How AIDS transformed genetic engineering

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Matt Sharp at the 2018 U.S. Conference on AIDS. Image credit: Mark S. King

For two decades, [Matt] Sharp had been living with HIV. He’d watched the height of the aids crisis claim dozens of his friends’ and lovers’ lives. Now, he believed he was taking a step toward a cure.

A few months earlier, researchers had drawn white blood cells from Sharp’s body and manipulated his DNA with tiny molecules, deleting a single gene in each cell. He was about to receive an infusion that would reintroduce the tweaked cells back into his bloodstream. The procedure aimed to change the genetic makeup of these cells to make Sharp’s body resistant to HIV.

Over the past decade, HIV patients like Sharp have played a major role in pushing forward the vanguard science of gene editing. The community’s close-knit advocacy networks, paired with the fact that there are clearly identifiable genes that make humans vulnerable to HIV, have made people living with the virus ready candidates for innovative—though sometimes risky—experiments.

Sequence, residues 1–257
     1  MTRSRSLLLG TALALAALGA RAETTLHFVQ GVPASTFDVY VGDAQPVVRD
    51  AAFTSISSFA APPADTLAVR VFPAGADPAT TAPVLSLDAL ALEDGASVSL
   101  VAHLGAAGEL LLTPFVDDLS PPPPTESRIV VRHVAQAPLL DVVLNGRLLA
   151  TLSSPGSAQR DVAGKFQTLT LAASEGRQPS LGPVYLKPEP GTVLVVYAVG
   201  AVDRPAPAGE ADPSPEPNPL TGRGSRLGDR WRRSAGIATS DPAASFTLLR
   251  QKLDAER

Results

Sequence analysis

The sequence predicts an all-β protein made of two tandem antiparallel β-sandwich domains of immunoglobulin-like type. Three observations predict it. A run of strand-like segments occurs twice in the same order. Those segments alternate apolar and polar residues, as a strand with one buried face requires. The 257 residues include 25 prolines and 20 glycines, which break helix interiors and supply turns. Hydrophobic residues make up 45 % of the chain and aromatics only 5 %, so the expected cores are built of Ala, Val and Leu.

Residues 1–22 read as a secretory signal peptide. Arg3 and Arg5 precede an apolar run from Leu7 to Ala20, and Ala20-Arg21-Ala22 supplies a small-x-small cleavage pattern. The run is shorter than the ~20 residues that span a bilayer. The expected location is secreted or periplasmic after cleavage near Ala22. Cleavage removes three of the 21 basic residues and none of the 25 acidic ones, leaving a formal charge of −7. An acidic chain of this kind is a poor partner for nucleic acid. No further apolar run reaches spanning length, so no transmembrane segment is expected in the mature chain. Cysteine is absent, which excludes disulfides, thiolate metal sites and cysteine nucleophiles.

Related article:  Biotech experts, farmers call for updated US gene-edited crop, animal rules at Senate Agriculture Committee hearing

HIV patients have voluntarily participated in scientifically condoned experiments that have paved the way for further gene-editing work on, for instance, cancer and blindness.

Sharp found long-term improvements to his immune-system health. He thinks participation in the study was worth it, but he still takes daily pills to keep the virus under control.

Read full, original post: The Man Who Smelled Like Rancid Creamed Corn to Usher In a New Scientific Era

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